Marlisse: OK, so those active listening skills. What about hard skills? So any type of legal knowledge or legal skills or advocacy work that you didn't necessarily get to practice before in Victoria or in law school in your other placements?
Devon Black: Yeah, the strategic litigation work that I've been getting to do here has been really exciting. We've got a case that we're planning to file at the end of March and I won't go into too many details about the subject matter of it, but I've been lucky to work with some students at Georgetown University in Washington, D.C. who have been helping us with some research and drafting.
Marlisse: Oh, OK.
Devon Black: And I've been able to give them some assistance in terms of doing international legal research because I had some resources on hand and some experience doing that that I was able to help them with. But also kind of being able to provide some mentorship and some oversight because in a lot of cases they hadn't really done this kind of legal drafting before and they hadn't really worked on human rights stuff before. And I worked on human rights stuff in a B.C. context but working on it in a totally new national context was a, very illuminating and challenging. So we were definitely learning together through some of that process.
Marlisse: Right, so it sounds like you've gotten to practice your mentorship as well.
Devon Black: Yeah, which has been really nice.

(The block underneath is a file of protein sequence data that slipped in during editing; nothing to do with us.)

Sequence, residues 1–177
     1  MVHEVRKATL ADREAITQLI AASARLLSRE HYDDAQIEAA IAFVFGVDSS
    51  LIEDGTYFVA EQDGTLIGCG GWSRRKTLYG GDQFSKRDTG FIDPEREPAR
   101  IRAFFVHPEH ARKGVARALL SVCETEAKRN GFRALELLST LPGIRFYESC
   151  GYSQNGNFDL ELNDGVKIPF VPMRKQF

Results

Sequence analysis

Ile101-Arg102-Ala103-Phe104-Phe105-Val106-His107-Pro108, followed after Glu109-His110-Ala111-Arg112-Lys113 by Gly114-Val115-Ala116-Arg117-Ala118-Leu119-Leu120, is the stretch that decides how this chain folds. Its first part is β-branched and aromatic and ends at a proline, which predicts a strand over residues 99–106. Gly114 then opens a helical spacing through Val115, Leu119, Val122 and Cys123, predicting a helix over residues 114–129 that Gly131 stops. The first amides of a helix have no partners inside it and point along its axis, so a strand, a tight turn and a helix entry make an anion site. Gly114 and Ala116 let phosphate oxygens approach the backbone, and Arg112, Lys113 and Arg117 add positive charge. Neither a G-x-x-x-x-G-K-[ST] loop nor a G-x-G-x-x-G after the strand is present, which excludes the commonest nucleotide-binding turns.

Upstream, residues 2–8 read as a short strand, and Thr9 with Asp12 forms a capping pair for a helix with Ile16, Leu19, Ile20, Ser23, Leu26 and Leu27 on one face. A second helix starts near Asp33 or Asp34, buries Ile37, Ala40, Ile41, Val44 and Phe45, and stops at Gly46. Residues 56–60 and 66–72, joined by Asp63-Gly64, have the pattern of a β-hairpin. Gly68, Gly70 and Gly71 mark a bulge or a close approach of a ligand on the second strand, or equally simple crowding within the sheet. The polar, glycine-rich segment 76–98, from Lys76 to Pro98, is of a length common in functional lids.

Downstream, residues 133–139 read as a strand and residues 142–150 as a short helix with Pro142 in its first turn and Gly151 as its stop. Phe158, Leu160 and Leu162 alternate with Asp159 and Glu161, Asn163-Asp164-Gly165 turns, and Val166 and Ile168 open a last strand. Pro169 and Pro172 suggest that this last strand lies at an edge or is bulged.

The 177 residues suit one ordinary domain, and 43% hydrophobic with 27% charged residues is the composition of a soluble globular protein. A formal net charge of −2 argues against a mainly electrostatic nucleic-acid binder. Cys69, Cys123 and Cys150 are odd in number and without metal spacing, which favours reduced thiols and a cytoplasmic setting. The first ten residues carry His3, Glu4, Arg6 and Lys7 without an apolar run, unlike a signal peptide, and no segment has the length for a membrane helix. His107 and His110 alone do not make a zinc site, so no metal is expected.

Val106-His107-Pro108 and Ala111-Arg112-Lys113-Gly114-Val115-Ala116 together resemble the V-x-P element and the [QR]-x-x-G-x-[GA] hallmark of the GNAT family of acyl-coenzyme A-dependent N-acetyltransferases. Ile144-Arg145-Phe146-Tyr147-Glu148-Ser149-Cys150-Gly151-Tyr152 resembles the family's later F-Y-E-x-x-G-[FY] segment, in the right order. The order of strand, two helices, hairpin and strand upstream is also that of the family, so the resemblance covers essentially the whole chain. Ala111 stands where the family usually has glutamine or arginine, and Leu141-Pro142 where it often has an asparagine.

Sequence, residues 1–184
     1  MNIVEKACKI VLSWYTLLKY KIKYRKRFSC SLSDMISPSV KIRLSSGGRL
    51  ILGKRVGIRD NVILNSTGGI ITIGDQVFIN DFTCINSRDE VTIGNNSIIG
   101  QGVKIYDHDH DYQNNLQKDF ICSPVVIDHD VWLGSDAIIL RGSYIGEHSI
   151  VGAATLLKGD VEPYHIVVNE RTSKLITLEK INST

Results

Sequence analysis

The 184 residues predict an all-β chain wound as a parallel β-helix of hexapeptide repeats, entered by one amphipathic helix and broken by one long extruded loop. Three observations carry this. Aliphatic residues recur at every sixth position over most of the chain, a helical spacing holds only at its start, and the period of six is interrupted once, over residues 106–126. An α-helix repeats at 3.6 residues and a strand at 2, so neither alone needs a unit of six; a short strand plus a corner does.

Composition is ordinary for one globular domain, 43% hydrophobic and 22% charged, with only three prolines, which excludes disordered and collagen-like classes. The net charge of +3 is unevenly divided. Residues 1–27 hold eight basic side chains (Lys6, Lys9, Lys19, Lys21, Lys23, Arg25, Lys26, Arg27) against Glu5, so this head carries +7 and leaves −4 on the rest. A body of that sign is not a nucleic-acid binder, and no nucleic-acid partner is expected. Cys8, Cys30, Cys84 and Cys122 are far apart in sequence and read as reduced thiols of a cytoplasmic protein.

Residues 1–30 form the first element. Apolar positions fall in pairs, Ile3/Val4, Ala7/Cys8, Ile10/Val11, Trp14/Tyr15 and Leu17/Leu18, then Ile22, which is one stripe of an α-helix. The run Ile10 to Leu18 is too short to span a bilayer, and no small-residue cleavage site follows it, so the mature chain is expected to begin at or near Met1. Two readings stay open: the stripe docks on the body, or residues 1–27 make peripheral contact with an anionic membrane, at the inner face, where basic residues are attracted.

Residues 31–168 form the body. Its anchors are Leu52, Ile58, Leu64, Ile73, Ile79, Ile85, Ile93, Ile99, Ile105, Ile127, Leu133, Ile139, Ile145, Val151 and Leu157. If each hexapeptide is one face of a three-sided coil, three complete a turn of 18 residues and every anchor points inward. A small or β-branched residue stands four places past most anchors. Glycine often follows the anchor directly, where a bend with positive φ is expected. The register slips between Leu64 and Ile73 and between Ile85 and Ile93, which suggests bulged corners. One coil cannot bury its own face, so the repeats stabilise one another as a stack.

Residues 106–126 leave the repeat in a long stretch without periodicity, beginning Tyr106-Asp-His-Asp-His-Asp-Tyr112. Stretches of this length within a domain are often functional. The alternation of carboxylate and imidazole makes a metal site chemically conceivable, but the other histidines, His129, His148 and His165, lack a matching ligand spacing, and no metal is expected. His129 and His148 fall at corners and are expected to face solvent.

Marlisse: Yeah, that is nice. I wanted to turn a little more personal now and I wanted to ask you a little bit more, you are a self-identified queer person, you mentioned it earlier, what is it like to live in a country where your sexuality is criminalized? I want to know a bit about what you've done to keep yourself safe and how you prepared for this emotionally and practically.
Devon Black: Yeah. So the laws that criminalize sexual activity in Guyana are very specifically worded.
Devon Black: And as a person who identifies as a queer woman I'm actually not targeted particularly by the laws that are in place.
Devon Black: Because what they outlaw is buggery, so specifically anal sex, regardless of the gender of the people involved, and then also any same sex intimacy between men is what's criminalized. So I'm not in a position where I would be breaking any laws and I wouldn't be anyway because my partner is back in Canada. But despite that there's still a lot of stigma and discrimination against LGBTQ people regardless of gender.